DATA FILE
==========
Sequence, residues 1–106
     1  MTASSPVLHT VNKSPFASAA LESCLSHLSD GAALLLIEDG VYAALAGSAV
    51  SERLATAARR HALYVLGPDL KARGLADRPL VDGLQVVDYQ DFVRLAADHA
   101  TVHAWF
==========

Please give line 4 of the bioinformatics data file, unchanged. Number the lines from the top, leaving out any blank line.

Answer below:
   101  TVHAWF